Two approaches were used to compute additive and synergistic anthelmintic effects resulting from in vitro combination therapy. In the first method, expected combined efficacies of any pair of plant species ‘a’ and ‘b’ were computed (a+b)/2 and subsequently deducted from their observed combined efficacy to yield simple synergy. Positive differences measured synergistic effects, whereas negative differences measured antagonistic effects. In the second method, expected efficacy of plant species combination was estimated following Webb’s fractional product method [72]. Following this method, if the efficacies of two plant species “A” and “B” represented by “a” and “b” proportion of worms killed, then expected efficacy of combinations assuming additive effect is computed thus: Efficacy (A+B) = 1 - ((1 - a) x (1 - b)). Synergistic effect is considered to have occurred when the response of combined administration is greater than additive.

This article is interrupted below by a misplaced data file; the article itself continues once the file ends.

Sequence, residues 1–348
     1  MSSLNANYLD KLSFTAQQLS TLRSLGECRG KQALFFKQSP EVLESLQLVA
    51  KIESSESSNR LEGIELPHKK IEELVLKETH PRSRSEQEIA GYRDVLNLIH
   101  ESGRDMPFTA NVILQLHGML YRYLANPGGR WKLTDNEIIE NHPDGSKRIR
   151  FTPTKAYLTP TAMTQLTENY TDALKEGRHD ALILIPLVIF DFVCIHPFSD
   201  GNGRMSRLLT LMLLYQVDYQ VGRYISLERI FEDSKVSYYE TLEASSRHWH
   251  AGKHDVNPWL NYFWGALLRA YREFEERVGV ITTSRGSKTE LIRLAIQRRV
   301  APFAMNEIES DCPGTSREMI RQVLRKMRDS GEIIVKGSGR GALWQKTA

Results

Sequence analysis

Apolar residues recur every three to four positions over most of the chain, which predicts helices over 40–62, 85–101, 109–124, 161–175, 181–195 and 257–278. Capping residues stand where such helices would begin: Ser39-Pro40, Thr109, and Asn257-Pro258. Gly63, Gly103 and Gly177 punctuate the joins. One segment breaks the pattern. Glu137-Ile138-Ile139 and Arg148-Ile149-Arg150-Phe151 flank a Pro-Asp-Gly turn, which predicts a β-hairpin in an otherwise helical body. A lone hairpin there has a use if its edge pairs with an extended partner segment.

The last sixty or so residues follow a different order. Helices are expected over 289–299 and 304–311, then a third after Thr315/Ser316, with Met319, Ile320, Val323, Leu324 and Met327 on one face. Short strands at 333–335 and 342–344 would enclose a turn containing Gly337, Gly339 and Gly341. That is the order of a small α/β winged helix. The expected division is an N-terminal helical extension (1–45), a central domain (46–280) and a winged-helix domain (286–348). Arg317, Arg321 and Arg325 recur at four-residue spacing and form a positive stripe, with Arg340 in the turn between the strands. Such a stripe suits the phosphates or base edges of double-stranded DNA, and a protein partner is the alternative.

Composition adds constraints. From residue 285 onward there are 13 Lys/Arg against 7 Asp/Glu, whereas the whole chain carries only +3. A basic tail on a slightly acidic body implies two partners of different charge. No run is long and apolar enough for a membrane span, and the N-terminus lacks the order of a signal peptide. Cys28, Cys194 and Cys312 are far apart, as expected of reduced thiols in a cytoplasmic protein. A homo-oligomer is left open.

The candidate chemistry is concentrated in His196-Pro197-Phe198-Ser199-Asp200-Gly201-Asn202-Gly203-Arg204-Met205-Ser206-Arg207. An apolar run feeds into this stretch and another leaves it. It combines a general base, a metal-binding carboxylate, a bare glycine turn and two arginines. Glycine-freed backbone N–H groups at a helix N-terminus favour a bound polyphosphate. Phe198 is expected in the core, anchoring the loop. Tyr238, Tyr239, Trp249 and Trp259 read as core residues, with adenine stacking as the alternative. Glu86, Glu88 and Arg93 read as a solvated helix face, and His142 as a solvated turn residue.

Data collected in each of these three experiments was analysed following General Linear Model (GLM) of [73]. Pearson correlation was used to seek possible relationship between anthelmintic efficacy on the one hand and each of alkaloids, flavonoids and condensed tannins as primary putative anthelmintic macromolecules. Additionally, multiple regression analysis was run to seek explanations of the role of various variables including alkaloids, flavonoids and condensed tannins to observed trends of anthelmintic efficacy. Mean separation was done using Student Neuman Keul’s statistic, aided by [73].

RESULTS

Results are presented in table 2 bearing the effects of various combinations of members of each group on efficacy, and in table 3 bearing phytochemical properties.

 

Combined treatment (A + B)

Observed (A) %

Observed (B) %

Expected 
efficacy (A + B)/2 %

Observed 
efficacy (A + B) %

Webb’s efficacy %

Simple synergy 
(Observ. – Expected)

Webb synergy (Observ. –Webb)

Additive (A) or synergistic (S)